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Bear Update: After seven months of hibernation Jeanie emerges with two 14-pound cubs



Black Bear Researcher

It’s 10 at night. I’m standing at 1,400-metres elevation along the barren ski slopes above mid-station on Whistler Mountain. The late May cold evenings have released minimal patches of dead, flattened grass after the relentless pounding by winter skiers and snowboarders.

The landscape is harsh. I trudge up the steep slope of slushy snow patches and spongy brown grass. New plant life is scarce. I stop and scan the area. I’m searching for an individual bear – a mother bear that is expected to be accompanied by one or two cubs. I peer through the crepuscular period of increasing darkness. White patches of snow illuminate the falling sky.

I hike another 200 metres upslope and along the crest of an adjacent ski slope, some 300 metres away, I spot movement. The outline of a single bear breaks the slope’s ridge. I strain through the binoculars. The bear has managed to find an isolated patch of green-up supported by spring run-off. I can’t tell if the bear is black or brown – night is falling fast.

I move up higher and closer. Winds are ripping down slope. I get within 100 metres of the slope’s crest but the bear has disappeared. I hike above the bear’s area and come down along a trail from above. I want the bear to detect my scent. I stop and scan the descending mosaic of ski trails – off to the right an adult bear is walking out from a stand of mature mountain hemlocks. No cubs are following.

I hike down from above the bear to within 50-metres. Catching my scent, the bear stops in mid-stride – in a flash of opportunity I glance through the binoculars to see a large, flared, light-brown V patch on the bear’s chest. At that moment, two tiny, football-size bundles of fur run out from beneath the bear’s legs.

I walk down slowly, speaking to the bear in low tones. The cubs, already on their way to the ski trail’s edge, slump to the base of the biggest tree. Jeanie immediately approaches me with her nose raised to filtrate and confirm my identity. We stop 10-metres apart. I speak and she sits back on her haunches, a sign that she is relaxed.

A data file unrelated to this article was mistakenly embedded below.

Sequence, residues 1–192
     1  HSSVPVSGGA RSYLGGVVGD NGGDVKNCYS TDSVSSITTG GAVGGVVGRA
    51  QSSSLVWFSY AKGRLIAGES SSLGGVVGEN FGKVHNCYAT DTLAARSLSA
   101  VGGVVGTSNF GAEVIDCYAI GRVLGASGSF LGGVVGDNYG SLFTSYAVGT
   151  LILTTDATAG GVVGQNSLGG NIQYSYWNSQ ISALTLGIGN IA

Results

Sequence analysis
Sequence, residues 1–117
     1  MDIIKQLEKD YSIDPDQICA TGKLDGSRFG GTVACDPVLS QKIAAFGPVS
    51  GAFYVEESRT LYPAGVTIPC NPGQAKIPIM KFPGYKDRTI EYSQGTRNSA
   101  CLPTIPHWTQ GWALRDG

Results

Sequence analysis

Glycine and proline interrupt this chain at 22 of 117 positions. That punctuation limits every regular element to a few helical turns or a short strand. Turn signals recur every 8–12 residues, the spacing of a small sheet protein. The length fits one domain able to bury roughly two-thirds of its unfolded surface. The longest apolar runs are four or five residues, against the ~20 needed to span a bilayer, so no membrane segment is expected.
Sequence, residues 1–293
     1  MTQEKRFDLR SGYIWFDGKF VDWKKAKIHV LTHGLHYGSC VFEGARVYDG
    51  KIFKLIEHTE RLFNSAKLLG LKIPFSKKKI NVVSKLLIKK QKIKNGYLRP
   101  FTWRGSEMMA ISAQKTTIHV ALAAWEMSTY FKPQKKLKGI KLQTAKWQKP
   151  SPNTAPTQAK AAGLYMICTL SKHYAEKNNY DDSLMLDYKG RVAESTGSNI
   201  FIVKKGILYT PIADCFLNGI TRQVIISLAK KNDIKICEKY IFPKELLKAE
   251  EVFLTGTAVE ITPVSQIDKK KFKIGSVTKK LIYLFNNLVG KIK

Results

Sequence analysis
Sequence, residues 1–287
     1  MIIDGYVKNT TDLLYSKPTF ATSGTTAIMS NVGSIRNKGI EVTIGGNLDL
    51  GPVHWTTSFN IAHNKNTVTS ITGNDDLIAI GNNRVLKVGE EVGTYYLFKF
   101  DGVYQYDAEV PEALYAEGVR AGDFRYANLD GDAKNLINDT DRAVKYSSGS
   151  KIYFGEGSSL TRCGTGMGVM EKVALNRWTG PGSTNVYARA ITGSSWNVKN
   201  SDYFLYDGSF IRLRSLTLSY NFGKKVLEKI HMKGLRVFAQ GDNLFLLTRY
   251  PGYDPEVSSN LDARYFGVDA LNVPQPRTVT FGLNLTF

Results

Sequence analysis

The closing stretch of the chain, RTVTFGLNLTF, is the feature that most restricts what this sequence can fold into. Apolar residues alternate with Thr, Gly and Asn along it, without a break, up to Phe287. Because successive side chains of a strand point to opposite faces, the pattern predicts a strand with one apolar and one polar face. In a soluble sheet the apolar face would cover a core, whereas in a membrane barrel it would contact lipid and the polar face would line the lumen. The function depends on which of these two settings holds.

I confirm that she has two cubs-of-the-year and begin walking away down slope. I turn to see the response and Jeanie is already at my spot where I was standing sensing the ground and supervising my retreat.

In my ninth year of field studies, Jeanie emerges for the seventh time with her third litter of cubs. Since 1998 she has produced five cubs (two in 1998, one in 2000, and two in 2002). And so another year begins of monitoring the most adaptable and passive bear in the Whistler Ecosystem.


Many thanks to the hundred’s of people that have participated in BEAR FAMILY REPORTS. Reporting bear families, yearlings, or any bear activity stimulates involvement and interest supporting understanding and toleration of close, natural bear activity. A database with all participants’ information will be published in the Pique Newsmagazine at the end of the bear season, during December.

BEAR FAMILY REPORTS is inputted into the Whistler Valley bear mapping database on activity and movement patterns. To report a BEAR FAMILY (mothers with cubs or yearlings) please include date, colour of bears, litter size, and location to 604-898-2713 or e-mail .

The Whistler Black Bear Project Slide Series continues with the next presentation Social Life of Black Bears on Tuesday, June 25 th at 7 p.m. in the Fairmont Chateau Whistler. Proceeds from the slide series support children bear education programs.

Be sure to look for next week’s column A Guide to Body Language and Behavior of Local Bears . Bear Update columns are sponsored by Pique Newsmagazine.

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